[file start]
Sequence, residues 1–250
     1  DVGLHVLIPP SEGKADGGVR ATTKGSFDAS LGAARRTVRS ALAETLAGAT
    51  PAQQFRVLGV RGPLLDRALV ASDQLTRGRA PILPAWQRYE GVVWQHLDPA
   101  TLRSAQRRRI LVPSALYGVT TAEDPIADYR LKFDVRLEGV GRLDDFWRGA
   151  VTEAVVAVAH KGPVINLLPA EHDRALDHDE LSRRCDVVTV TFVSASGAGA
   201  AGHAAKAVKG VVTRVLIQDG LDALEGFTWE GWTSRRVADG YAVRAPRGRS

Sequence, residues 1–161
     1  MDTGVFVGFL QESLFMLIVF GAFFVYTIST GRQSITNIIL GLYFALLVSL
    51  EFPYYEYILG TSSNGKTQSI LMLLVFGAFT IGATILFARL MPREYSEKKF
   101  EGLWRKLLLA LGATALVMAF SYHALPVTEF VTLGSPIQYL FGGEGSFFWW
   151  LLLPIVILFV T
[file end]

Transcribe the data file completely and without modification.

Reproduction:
Sequence, residues 1–250
     1  DVGLHVLIPP SEGKADGGVR ATTKGSFDAS LGAARRTVRS ALAETLAGAT
    51  PAQQFRVLGV RGPLLDRALV ASDQLTRGRA PILPAWQRYE GVVWQHLDPA
   101  TLRSAQRRRI LVPSALYGVT TAEDPIADYR LKFDVRLEGV GRLDDFWRGA
   151  VTEAVVAVAH KGPVINLLPA EHDRALDHDE LSRRCDVVTV TFVSASGAGA
   201  AGHAAKAVKG VVTRVLIQDG LDALEGFTWE GWTSRRVADG YAVRAPRGRS

Sequence, residues 1–161
     1  MDTGVFVGFL QESLFMLIVF GAFFVYTIST GRQSITNIIL GLYFALLVSL
    51  EFPYYEYILG TSSNGKTQSI LMLLVFGAFT IGATILFARL MPREYSEKKF
   101  EGLWRKLLLA LGATALVMAF SYHALPVTEF VTLGSPIQYL FGGEGSFFWW
   151  LLLPIVILFV T